Color changes in pork in relation to high pressure treatment

Research output: Book/ReportPh.D. thesisResearch

  • Kathrine Holmgaard Bak
The color changes taking place in fresh as well as cured pork as a result of high pressure (HP) treatment were investigated, characterized, and explained.
The effect of HP in the range from 200 through 800 MPa at 5 °C or 20°C on the color of fresh porcine longissimus dorsi (LD) immediately after HP treatment and during a six-day storage period was investigated via surface reflectance. Spectroscopic studies (in the form of surface reflectance, UV-vis, and circular dichroism) on the effect of HP treatment on the soluble protein fraction of porcine LD were conducted attempting to explain the color changes observed in fresh porcine LD.
Investigations on the effect of HP at 600 MPa on the color of minced, cured, restructured ham at different levels of drying (20% or 50% weight loss with Quick-Dry-Slice® (QDS)), pH24 (low, normal, or high), and NaCl (15 or 30 g/kg meat), as well as the effect of residual oxygen level (<0.1%, 0.1%-0.2%, or 0.2%-0.3%) on color stability during a 20-day storage period were conducted.
HP treatment above 300 MPa of raw porcine LD with deoxyMb initially present at the surface resulted in formation of a short-lived ferrohemochrome myoglobin species with a positive peak at 540 nm. This short-lived ferrous myoglobin species is possibly a bis-His coordinated myoglobin form, as also suggested by other authors. The short-lived ferrohemochrome disappeared within a few hours after HP treatment and was transformed into an HP-denatured ferric form of the pigment. This HP-denatured ferric myoglobin species was not similar to the heat-denatured pigment, ferrihemochrome, but instead a closely related species sharing features of denatured gobin, ferric iron, and brown color.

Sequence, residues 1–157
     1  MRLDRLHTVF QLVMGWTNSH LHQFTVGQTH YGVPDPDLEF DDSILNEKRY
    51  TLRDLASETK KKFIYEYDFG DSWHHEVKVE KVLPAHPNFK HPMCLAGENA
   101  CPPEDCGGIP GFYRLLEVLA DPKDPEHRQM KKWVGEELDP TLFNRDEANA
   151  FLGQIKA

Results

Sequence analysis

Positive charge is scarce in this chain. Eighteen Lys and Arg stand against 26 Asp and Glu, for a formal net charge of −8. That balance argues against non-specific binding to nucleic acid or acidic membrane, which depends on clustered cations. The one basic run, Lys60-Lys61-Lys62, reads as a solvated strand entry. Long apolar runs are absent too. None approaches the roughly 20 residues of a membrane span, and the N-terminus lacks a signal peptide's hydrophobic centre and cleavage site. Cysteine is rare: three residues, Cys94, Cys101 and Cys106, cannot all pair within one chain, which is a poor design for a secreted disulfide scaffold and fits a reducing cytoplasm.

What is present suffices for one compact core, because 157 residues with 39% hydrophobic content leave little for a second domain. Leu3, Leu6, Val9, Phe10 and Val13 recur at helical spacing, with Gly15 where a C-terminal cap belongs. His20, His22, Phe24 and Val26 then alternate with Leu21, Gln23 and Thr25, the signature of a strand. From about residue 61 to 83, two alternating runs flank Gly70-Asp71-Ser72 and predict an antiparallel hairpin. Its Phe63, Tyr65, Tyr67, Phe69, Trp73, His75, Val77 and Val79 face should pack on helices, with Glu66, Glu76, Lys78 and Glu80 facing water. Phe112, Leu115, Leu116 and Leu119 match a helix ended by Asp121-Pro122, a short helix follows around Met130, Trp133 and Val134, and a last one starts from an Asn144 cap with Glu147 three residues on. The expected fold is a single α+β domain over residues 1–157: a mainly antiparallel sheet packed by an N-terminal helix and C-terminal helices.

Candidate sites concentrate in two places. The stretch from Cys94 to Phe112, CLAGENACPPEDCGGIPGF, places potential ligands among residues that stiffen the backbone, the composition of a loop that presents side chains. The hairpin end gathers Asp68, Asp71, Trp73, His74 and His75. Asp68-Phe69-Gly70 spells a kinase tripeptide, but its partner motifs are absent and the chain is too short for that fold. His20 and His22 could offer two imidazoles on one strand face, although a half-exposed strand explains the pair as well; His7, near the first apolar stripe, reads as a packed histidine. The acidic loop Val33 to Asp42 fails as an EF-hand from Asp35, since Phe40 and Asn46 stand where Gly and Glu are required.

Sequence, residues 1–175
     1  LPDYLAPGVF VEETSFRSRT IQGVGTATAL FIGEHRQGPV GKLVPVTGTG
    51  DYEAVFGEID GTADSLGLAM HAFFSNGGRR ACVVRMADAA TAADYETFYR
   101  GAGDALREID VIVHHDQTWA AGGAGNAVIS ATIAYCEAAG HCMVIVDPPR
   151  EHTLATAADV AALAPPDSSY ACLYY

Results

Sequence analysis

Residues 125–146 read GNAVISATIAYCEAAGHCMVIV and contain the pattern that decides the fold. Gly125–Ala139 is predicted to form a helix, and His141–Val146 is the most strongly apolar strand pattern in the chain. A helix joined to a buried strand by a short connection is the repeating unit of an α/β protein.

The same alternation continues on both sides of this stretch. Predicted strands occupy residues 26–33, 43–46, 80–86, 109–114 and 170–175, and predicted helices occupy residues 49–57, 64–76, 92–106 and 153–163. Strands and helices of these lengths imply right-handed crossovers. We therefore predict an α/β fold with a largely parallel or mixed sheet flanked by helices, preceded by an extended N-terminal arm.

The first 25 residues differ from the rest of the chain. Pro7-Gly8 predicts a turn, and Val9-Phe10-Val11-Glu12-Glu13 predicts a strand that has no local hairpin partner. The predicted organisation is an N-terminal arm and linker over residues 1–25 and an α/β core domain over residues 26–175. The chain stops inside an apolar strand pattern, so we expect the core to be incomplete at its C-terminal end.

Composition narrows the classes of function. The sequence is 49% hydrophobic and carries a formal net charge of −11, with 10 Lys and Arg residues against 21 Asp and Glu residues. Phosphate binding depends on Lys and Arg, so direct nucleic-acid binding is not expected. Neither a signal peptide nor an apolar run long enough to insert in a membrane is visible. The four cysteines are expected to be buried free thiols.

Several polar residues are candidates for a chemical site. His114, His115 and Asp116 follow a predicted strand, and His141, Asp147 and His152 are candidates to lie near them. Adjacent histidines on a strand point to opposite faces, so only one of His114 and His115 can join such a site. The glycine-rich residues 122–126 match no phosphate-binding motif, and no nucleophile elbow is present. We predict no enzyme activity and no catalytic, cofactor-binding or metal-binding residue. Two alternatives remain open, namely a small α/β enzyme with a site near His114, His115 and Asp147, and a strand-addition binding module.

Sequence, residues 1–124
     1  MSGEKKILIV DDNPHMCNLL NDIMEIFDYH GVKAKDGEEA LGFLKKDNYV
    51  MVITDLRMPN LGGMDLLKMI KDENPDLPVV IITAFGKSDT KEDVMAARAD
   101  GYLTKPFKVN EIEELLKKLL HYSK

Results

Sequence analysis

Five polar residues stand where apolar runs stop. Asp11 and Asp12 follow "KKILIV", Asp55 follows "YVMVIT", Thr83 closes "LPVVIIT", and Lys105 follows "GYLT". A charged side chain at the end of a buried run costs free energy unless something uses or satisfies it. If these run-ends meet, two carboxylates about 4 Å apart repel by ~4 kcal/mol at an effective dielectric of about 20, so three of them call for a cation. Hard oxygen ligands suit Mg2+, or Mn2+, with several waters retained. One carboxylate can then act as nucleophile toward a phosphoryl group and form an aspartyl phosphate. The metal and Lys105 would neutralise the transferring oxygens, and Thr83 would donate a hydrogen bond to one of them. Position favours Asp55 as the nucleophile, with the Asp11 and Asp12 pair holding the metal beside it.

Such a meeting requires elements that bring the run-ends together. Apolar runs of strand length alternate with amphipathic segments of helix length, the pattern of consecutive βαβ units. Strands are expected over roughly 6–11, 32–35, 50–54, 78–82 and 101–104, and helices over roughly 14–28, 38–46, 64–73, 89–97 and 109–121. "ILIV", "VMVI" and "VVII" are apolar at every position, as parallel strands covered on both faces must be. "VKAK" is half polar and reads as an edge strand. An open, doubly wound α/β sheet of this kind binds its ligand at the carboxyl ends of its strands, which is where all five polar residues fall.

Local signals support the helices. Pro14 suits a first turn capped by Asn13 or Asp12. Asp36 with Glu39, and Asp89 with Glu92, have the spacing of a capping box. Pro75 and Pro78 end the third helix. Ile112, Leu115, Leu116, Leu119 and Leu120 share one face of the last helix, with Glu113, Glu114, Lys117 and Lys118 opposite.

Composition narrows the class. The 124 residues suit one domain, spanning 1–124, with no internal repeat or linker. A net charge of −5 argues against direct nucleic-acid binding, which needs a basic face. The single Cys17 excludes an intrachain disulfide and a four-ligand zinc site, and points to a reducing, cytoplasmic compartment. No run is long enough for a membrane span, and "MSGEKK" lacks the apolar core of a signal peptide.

The reversibility of the pressure-induced changes often observed for various myoglobin forms in solution were not observed in intact meat.
Cred meat products appear to be much better suited for HP treatment. Though HP treatment altered the color of cured ham with a high water content (dried to 20% weight loss with QDS), it at the same time improved color stability during storage.
The color changes observed during storage for both non-HP-treated and HP-treated minced, cured, restructured ham were most likely not due to oxidation or dissociation of the heme part nitrosylmyochromogen, but instead suggested to be caused by denaturation of the protein part of nitrosylmyochromogen and/or changes in the myofibrillar and/or sarcoplasmic proteins as seen by the lack of change of the shape of the reflectance curves during storage for both 20% QDS and 50% QDS samples. It was not possible to set a specific critical limit of residual O2 for photooxidation without supplementing with further studies. However, it did appear that the critical limit of O2 is higher for dry-cured meat than for cooked, cured meat, possibly due to the reduced molecular mobility in the drier samples. HP treatment appeared to offer an additional protective effect to surface color stability in dry-cured meat, possibly by introducing intermolecular hydrogen bonds with water, thus stabilizing the nitrosylheme.
Original languageEnglish
PublisherDepartment of Food Science, University of Copenhagen
Number of pages107
Publication statusPublished - 2012

ID: 43236978